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Diagnostic Reflection and Diagnostic Error Case Analysis
Robert Trowbridge M.D.
When first presented with general diagnostic checklists such as the modified Graber checklist, many physicians are offended. Physicians rightfully take pride in their knowledge of the diagnostic process and are insulted that others believe they need to be reminded to complete basic tasks such as taking a complete history and performing a physical examination. Yet we need to put aside these reservations and consider the value of checklists demonstrated in other settings such as the aviation industry. Undoubtedly experienced airline pilots, for example, know how to complete each element of the pre-flight checklist and yet checklists have contributed to the remarkable safety record in that high-risk industry.
In the presented case, it is probable that the use of a general diagnostic checklist would have had a significant impact on the care provided by both the primary care physician and the emergency physician. In walking through the checklist at the initial visit, for example, it is likely that the primary care physician would have been able to check-off that an appropriate history and physical examination had been performed. It is unclear, however, whether a systematic approach to a patient with abdominal and back pain was employed. Had the physician done this, it is very likely that the clinician would have arrived at a leaking or expanding aortic aneurysm as a potential, if not likely, diagnosis. More importantly, taking time to reflect and use analytical reasoning as directed by the SAFER mnemonic would have helped substantially. In considering the S for “serious diagnoses”, the clinician would have been forced to consider the absolute worst case scenario, which in a patient with back pain, abdominal pain and an abdominal aorta with increased diameter would have raised the specter of a leaking or expanding aneurysm. Furthermore, forced consideration of A for “alternative diagnoses” would have accomplished much the same. The other applicable components of the reflection checklist (considering the physician’s feelings about the patient and considering extraneous data) would not have had a substantial impact on the course in this particular case. Lastly, however, it is clear that the final item in the checklist, which would have formally forced consideration of the need for close follow-up and contingency planning, could have impacted the patient’s course by spurring the development of a specific plan to be enacted if the patient’s pain worsened (i.e., immediate return for re-evaluation).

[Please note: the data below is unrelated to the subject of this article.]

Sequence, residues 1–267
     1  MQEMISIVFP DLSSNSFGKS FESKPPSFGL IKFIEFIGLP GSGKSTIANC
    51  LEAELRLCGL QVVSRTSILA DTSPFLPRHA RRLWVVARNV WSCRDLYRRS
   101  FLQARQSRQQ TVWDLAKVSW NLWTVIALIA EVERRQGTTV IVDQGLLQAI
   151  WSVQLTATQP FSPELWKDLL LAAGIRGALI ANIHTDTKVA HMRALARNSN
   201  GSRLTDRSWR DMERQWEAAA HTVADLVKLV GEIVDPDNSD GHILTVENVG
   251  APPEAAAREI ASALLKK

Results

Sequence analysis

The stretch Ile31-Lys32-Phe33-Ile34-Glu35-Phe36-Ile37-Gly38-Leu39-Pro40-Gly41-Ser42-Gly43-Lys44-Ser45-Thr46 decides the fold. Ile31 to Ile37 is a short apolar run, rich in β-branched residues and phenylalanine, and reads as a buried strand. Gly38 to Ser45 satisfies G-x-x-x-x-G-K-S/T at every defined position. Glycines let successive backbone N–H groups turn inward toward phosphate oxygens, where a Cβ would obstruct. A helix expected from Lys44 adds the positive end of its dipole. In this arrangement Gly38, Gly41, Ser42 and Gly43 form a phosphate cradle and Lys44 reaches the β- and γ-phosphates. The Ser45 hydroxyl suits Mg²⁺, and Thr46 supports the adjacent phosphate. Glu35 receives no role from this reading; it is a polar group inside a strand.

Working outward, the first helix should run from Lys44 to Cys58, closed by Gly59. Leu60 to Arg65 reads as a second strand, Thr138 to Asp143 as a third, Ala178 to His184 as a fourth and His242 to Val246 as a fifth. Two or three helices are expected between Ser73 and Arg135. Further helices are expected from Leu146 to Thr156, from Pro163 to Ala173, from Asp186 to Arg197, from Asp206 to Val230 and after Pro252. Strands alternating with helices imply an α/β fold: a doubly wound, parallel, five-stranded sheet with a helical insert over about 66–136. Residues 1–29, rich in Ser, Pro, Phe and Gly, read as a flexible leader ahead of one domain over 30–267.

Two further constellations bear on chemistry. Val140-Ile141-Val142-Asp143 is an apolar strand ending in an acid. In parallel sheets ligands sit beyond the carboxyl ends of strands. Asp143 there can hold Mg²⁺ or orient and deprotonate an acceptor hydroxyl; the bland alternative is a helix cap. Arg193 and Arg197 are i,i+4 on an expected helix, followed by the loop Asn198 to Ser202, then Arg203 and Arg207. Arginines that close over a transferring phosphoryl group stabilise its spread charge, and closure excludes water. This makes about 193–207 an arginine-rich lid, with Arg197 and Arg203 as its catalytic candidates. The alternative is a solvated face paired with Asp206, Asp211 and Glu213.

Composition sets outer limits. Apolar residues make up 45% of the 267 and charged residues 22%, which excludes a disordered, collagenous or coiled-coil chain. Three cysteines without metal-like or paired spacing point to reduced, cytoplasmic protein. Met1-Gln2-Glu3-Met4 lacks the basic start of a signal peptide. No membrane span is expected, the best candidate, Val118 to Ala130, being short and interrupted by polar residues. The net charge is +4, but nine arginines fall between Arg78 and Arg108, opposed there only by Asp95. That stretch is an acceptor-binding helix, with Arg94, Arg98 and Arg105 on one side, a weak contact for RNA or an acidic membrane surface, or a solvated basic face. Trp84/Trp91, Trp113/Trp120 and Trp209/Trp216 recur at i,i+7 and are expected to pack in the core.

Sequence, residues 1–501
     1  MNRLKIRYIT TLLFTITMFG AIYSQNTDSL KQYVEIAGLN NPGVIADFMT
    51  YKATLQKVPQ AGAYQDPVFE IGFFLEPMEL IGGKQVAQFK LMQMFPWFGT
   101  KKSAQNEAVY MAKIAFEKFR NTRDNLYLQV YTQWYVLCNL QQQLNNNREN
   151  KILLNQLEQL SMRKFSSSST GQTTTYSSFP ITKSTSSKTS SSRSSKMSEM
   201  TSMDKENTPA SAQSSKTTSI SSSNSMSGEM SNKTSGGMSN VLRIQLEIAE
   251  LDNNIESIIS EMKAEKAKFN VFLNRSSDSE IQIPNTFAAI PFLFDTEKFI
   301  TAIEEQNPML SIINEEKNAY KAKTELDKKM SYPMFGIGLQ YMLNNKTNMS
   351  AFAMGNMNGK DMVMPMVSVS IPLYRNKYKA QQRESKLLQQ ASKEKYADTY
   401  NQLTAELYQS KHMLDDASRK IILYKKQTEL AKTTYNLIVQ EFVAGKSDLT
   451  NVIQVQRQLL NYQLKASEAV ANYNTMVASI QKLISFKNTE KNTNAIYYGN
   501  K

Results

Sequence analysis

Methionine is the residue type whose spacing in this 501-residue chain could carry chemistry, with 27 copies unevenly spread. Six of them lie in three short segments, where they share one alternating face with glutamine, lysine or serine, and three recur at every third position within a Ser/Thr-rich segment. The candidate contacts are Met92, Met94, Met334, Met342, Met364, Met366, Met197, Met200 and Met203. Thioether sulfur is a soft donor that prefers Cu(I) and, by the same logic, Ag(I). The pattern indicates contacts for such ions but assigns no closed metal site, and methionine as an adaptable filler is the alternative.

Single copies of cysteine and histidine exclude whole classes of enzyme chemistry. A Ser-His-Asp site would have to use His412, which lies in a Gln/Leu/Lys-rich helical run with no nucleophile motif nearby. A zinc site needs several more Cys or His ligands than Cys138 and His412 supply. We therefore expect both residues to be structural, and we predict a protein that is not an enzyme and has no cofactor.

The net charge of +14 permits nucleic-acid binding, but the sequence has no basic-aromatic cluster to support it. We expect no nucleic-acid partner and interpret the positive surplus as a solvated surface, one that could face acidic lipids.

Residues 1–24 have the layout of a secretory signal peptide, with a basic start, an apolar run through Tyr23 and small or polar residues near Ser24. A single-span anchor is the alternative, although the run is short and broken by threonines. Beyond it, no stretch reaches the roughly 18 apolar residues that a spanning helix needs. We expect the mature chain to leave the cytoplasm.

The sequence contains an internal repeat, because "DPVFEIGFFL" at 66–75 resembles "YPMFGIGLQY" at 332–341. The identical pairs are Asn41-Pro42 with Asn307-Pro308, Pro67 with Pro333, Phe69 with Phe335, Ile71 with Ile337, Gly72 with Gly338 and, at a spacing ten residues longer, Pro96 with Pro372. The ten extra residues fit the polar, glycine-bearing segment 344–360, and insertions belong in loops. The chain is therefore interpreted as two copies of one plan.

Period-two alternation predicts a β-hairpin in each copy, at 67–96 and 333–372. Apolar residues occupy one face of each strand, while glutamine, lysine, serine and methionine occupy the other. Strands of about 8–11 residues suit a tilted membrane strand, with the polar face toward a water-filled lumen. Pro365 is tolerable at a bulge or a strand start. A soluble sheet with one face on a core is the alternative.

In a similar way, use of the checklist could have affected the care of the patient in the Emergency Department although other issues including communication difficulties and poor delineation of the role of the emergency physician were clearly contributory to the outcome in this case. Had the general diagnostic checklist been used, it would have been immediately obvious to the physician that he/she had not completed the necessary history or exam on a patient with an abdominal aortic aneurysm present on CT scan. Although this oversight may seem obvious in retrospect, and many may be incredulous the patient wasn’t examined in the emergency room upon acknowledgement of the CT results, all physicians have been in situations in which they haven’t completed required tasks because of the context of care in which they work (high clinical volume, difficult and complex patients, distractions, etc). This demonstrates a key attribute of checklists…they remind us to do things we know we need to do, but don’t always do in actual practice. The utility of applying the reflection component of the checklist for the emergency physician would be similar for the primary care physician. Few clinicians, for example, would fail to recognize a leaking or expanding aortic aneurysm as a “worst case scenario” or Serious diagnosis in a patient with a known AAA and back pain. Similarly, when explicitly prompted to use analytical reasoning in considering Alternative diagnoses to the proposed prostatitis, it is likely that a symptomatic aneurysm would have been more actively considered, thus prompting a more aggressive evaluation. Finally, the last item on the checklist could have been very useful. In being prompted to “be a skeptic”, the emergency physician may have been obliged to re-evaluate the “established” diagnosis of prostatitis and complete a second independent evaluation with the knowledge that a significant aortic aneurysm was present. This “fresh look” approach can be extraordinarily valuable, especially when new clinical information is available. Few physicians, for example, would discount the diagnosis of a leaking or expanding aneurysm when given the following history: a middle-aged man with a known AAA of greater than 5cm presents with low back, abdominal and groin pain.
Recreating the context of a complex clinical case such as this one is difficult, but it appears that the use of a general diagnostic checklist may have impacted the care of this patient in a positive fashion. Although largely unproven, such checklists have significant potential as a powerful means of improving diagnostic reliability.
Second Quarter 2012